“Don’t let the synopsis fool you, there’s much more here than a simple movie about a guy who likes to put goat balls in people…[Lane] explores the peculiar and undeniably fascinating story of Brinkley in what is easily an early contender doc of the year…Nuts! is a film you’ll definitely want to check out.” – Film Pulse

“Penny Lane is a documentarian who blends the archival with the personal in powerfully emotive ways… [she] is now firmly ensconced as a leading voice among her documentary filmmaking peers. “ – Vimeo

“What won’t spoil the film is my spewing praise for Lane’s craft… Lane is the answer to a question more people should be asking: who’s the great documentarian of this generation?” – The Verge

“In keeping with a recent trend in documentary filmmaking, nontraditional, sometimes controversial storytelling techniques will be on full display, Mr. Cooper said. The director Penny Lane, for instance, uses animated re-enactments and “one seriously  unreliable narrator” to trace the “mostly true” story of a man who found success selling a goat-testicle impotence cure..” – New York Times

Friday, July 8, 2016 – How He Fell in Love, Director Marc Meyers

How He Fell in Love film poster 

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Travis (Matt McGorry), a young struggling musician, crosses paths with Ellen (Amy Hargreaves), an older married yoga teacher who is trying to adopt a child with her husband. Travis and Ellen begin an affair that slowly deepens into something more intimate and profound. As their encounters continue, Ellen is confronted with her failing marriage while Travis must face the consequences of his actions.  Written and directed by Marc Meyers (HARVEST) and stars Matt McGorry (Orange is the New Black)Amy Hargreaves (Homeland, BLUE RUIN), Britne Oldford (American Horror Story) and veteran film and theatre actor Mark Blum (Mozart in the Jungle). Director Marc Meyers joins us for a conversation on managing the responsibilities of writing, producing and directing his own unforgettably intimate film.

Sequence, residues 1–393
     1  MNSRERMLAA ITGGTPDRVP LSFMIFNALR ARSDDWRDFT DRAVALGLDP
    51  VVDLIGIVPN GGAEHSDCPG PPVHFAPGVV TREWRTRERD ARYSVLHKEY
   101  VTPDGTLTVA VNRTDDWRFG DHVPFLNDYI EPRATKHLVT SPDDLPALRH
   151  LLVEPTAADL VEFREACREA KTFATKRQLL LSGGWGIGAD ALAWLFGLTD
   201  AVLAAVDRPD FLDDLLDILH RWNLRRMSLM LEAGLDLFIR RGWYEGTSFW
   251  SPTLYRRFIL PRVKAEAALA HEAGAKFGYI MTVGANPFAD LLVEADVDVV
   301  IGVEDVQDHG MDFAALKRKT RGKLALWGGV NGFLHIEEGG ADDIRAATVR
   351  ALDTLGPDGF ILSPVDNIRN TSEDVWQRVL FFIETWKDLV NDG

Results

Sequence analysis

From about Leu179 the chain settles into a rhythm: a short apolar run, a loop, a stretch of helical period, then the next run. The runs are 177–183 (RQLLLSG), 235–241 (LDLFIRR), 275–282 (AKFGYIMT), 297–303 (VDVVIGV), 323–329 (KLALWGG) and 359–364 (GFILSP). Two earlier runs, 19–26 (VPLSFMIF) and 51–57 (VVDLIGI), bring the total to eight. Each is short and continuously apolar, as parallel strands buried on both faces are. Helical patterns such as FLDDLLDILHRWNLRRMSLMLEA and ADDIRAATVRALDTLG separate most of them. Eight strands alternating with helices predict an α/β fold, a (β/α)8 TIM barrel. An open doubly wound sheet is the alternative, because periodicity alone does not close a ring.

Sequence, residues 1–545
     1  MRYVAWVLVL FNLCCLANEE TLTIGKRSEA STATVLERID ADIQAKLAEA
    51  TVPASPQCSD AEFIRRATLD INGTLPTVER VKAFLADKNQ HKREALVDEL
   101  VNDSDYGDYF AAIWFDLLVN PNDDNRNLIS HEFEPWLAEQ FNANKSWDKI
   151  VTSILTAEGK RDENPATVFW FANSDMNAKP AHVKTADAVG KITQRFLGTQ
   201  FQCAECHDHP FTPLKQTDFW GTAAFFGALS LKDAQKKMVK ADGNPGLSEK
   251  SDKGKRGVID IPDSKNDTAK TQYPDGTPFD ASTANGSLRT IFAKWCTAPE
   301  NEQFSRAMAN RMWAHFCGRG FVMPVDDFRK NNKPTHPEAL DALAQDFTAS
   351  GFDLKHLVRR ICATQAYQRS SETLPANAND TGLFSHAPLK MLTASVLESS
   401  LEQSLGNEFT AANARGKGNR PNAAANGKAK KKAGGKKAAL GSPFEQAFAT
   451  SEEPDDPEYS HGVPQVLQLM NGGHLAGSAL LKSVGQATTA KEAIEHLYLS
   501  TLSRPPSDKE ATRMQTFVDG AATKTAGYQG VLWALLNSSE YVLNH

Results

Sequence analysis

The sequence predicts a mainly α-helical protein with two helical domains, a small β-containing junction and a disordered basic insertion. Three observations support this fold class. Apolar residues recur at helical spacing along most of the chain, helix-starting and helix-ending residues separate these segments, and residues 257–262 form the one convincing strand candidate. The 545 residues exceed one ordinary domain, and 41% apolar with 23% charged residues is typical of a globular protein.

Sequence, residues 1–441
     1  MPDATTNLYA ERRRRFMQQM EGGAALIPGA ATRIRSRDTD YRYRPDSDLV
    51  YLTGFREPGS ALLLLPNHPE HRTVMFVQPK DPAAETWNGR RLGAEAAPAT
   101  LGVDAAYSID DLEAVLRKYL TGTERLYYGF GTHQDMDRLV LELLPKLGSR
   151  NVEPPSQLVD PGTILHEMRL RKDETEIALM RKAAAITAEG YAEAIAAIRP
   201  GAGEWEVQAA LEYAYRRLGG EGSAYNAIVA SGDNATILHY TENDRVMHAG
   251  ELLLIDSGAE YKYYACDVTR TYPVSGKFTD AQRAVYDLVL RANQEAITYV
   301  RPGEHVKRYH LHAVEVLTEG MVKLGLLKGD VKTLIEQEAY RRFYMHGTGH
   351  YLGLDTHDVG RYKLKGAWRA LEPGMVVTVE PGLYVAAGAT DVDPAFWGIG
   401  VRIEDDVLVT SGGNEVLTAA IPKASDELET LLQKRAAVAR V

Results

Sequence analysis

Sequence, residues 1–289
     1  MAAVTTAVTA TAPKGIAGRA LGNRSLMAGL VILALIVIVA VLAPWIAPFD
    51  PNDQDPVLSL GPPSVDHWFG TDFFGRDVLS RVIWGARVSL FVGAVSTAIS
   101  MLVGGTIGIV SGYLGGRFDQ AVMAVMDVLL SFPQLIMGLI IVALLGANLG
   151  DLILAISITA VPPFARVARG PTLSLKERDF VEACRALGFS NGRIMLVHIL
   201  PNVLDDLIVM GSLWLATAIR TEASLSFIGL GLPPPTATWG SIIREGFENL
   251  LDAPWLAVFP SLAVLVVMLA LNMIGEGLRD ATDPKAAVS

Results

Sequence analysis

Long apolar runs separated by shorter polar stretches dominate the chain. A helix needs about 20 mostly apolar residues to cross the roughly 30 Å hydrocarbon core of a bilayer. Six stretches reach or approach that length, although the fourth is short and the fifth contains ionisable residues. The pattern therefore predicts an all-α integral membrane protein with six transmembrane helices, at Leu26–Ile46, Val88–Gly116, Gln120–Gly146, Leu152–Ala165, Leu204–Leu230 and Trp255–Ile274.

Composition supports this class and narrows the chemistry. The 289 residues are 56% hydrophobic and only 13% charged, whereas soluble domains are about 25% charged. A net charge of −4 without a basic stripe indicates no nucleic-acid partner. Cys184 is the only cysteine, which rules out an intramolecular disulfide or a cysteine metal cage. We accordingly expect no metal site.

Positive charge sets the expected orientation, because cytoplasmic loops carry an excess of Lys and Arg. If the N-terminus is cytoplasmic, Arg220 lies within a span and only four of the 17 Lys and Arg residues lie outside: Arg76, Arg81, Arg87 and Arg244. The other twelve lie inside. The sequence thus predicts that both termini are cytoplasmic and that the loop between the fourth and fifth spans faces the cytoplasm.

For news and updates go to: howhefellinlove.com

There will be Q&As opening weekend in Los Angeles on Friday, July 8th following the 7:00pm show with Marc Meyers, Matt McGorry and Amy Hargreaves; on Saturday July 9th following the 7:00pm show with Marc Meyers and Matt McGorry and on Sunday, July 10th following the 1:20pm show with Marc Meyers.

*** Official Selection – 2015 Los Angeles Film Festival***

“How He Fell in Love is truly adult moviemaking that respects both carnality and commitment. It’s the type of mature drama that’s rarely seen in American movies.”Bob Strauss, Los Angeles Daily News

“…the subtly wrought interior life  (Amy)Hargreaves instills her in character holds your gaze throughout.”John Lopez, The Huffington Post

“… (Marc) Meyers has so grounded the narrative that it feels like a fresh unique take.”Terence Johnson, Award Circuit

“…the real standout of this story is the five-star turn by the wonderful and heartbreaking Amy Hargreaves who lays barren equal parts love and hate, joy and sorrow in a brave performance that isn’t afraid to show the emotional turbulence and confusion of a woman of age…” Star Pulse

Friday, July 8, 2016 – Ovarian Psycos, Co-directors Joanna Sokolowski & Kate Trumbull-LaValle

Ovarian Psycos film poster II 

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Riding at night through streets deemed dangerous in Eastside Los Angeles, the Ovarian Psycos use their bicycles to confront the violence in their lives. At the helm of the crew is founder Xela de la X, a single mother and poet M.C. dedicated to recruiting an unapologetic, misfit crew of women of color. The film intimately chronicles Xela as she struggles to strike a balance between her activism and nine year old daughter Yoli; street artist Andi who is estranged from her family and journeys to become a leader within the crew; and bright eyed recruit Evie, who despite poverty, and the concerns of her protective Salvadoran mother, discovers a Kate and Joanna Picnewfound confidence. Co-directors Joanna Sokolowski & Kate Trumbull-LaValle stop by to talk about the boldness of Ovas’ politics, their brazen approach to feminism, and unapologetic aesthetic: a hybrid mix of Chicana, Riot Grrrl, Zapatista and militant-punk cultural markers and the individual personalities that make Ovarian Psycos such a compelling watch.